Jewish or Israeli Settlements
By Edward Stern
Israeli Prime Minister's Netanyahu's recent comment in response to pressure from the Obama administration that "the international community would certainly raise protest" if Jews were not allowed "to live or purchase property in certain neighborhoods in London, New York or Rome" underlines one of the main ideological issues that underpin the conflict between Israeli's and Palestians.
From the Israeli side of the conflict their claim to lands in the West Bank and Jerusalem are based partially on the proposition that Jews should be allowed to live anywhere. This from the Israeli side this is more than simply an
argument that if Jews can live in any area of London, why should they not be able to live in any area of Jerusalem. That is an argument that revolves around questions of equality of expression of religious preferences.
The far deeper basis of the argument can be seen under the banner of the long standing and emotionally emotive Israeli "never again" motif That motif stemming from the Holocaust was a result of the German intention to have a state free of Jews. It was an attempt to deny Jews a place in the world for the simple fact of being Jewish Of course in the sense of the Jews of that time, this was not an issue if a Jew could live in a neighborhood of Berlin or Hamburg. It was the prelude to physical extinction. The path to a Germany free of Jews was to take away citizenship, so Jews would be left to face their fate "nude" so to speak, without the rights and protection citizenship provides This historical connection between Jewisness, homelessness (lack of statehood) and destruction is a theme that partially has driven this Israeli government and previous governments in Israel insistence that Jews should be able to live anywhere.
It is the echo of the above historical past that the present Israeli government seeks to impose on the present situation.
The present situation is of course fundamentally different from the past simply because there is a state of Israel. Indeed the overwhelming rational for the creation of Israel was that Jews would never again be politically homeless, open to the fate of their European forefathers. The Israeli argument that Jews should be allowed to live anywhere is in effect a continuation of the Nazi era Jews without a state experience. One might ask rhetorically of these Jews moving into areas of East Jerusalem or parts of the West Bank:"What has become of your statehood?" "Are you only Jews?"
Of course the historical relevant question today is should Jews who are citizens of Israel be allowed to live anywhere, with all the trappings of statehood that goes with it Closely related to this is the fact that when Jews build in Jerusalem or the West Bank they build ultimately as Israeli's Jewish builders, and it is the State of Israel which may make claims to these Jewish areas. This is a critical issue in situation where two parties have disputed areas as far as the creation of borders of states.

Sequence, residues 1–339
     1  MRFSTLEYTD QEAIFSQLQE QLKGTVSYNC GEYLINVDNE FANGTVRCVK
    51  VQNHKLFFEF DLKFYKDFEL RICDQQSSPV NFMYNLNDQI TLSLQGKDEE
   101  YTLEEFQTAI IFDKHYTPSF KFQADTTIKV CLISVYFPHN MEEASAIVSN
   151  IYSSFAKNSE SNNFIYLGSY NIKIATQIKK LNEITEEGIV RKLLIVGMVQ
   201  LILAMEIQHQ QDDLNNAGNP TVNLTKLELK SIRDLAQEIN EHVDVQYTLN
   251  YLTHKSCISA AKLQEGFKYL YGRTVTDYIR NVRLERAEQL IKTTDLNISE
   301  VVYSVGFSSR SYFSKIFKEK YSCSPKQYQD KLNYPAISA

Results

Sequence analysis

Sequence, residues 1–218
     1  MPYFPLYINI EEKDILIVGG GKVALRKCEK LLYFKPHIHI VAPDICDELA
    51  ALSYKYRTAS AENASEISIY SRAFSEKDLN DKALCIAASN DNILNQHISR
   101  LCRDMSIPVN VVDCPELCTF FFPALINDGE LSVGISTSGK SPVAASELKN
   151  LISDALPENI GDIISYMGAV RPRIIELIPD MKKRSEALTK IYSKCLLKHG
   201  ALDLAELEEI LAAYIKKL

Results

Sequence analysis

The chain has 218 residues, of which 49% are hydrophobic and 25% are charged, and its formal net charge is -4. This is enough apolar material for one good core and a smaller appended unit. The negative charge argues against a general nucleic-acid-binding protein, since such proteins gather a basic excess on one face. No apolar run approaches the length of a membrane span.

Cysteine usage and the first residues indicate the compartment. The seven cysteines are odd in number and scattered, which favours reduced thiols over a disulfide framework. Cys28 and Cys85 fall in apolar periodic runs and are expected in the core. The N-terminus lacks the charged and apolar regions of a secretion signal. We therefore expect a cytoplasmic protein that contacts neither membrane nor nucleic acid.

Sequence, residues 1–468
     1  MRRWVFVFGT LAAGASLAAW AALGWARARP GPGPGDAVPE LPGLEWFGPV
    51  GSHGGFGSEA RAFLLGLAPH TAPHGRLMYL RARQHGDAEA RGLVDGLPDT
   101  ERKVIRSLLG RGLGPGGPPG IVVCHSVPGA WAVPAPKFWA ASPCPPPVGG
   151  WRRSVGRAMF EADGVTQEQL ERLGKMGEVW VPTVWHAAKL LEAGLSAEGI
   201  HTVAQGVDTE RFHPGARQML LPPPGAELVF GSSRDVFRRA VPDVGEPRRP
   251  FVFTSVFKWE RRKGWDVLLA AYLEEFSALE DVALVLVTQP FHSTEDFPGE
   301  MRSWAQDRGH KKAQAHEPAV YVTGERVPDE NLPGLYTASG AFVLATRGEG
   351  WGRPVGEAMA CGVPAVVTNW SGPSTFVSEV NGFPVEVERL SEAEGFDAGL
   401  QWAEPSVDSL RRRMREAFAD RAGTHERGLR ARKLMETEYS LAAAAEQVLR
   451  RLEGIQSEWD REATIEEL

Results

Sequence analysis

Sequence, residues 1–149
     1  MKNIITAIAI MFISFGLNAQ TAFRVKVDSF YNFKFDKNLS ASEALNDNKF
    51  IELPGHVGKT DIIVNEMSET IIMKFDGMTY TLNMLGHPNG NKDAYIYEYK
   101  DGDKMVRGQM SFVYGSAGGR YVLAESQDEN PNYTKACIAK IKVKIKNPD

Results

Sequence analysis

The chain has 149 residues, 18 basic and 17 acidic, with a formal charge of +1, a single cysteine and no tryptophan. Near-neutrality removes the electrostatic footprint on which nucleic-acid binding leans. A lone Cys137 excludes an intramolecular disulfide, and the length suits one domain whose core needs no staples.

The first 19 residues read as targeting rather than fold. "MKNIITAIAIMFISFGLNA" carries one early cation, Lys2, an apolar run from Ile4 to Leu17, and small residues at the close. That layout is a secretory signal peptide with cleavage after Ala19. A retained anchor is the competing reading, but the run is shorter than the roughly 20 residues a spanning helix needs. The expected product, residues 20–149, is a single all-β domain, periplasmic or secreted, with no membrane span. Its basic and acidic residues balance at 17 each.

In the above light the contention that just as a Jew should be allowed to live in any area of Jerusalem in the same way as he should be able to live in any area of London bears some scrutiny.
Neighborhoods in London are not disputed as to sovereignty by different parties, This is not the case in Jerusalem or the West bank. Furthermore there is not to my knowledge any Jew attempting to move into a neighborhood in London demanding the full rights and protection of Israeli sovereignty Conversely for a Jew to live in disputed areas in the West Bank and Jerusalem simply as a Jew lacks reality. Jews in this area of the world are overwhelmingly Israeli and their citizenship moves with them
While it may be that a London based Jew is actively discouraged because of his religion from living in a particular neighborhood of London his Israeli counterpart in attempting to live in parts of Jerusalem or the West Bank finds resistance on a far different basis. The basis of the resistance is his nationality and the soverity and powers that follow him. While it is certainly true that some Moslems discriminate against and dislike Jews, the critical issue in this resistance in Israel is nationality and not religion.
The attempt by the present and past Israeli governments to couch the settlement issue in terms of religion is at best an historical oddity. At worst it is a cynical use of the past to promote what is perceived as present Israeli interests.
Edward Stern is a teacher and writer who lives in Moshav Ein-Vered
from the August 2009 Edition of the Jewish Magazine